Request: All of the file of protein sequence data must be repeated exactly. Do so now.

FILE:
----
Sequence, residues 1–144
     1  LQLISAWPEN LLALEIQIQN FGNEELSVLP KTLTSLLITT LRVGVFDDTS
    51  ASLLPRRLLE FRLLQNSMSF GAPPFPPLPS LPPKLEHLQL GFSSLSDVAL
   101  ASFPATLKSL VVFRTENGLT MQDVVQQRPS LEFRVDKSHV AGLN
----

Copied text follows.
Sequence, residues 1–144
     1  LQLISAWPEN LLALEIQIQN FGNEELSVLP KTLTSLLITT LRVGVFDDTS
    51  ASLLPRRLLE FRLLQNSMSF GAPPFPPLPS LPPKLEHLQL GFSSLSDVAL
   101  ASFPATLKSL VVFRTENGLT MQDVVQQRPS LEFRVDKSHV AGLN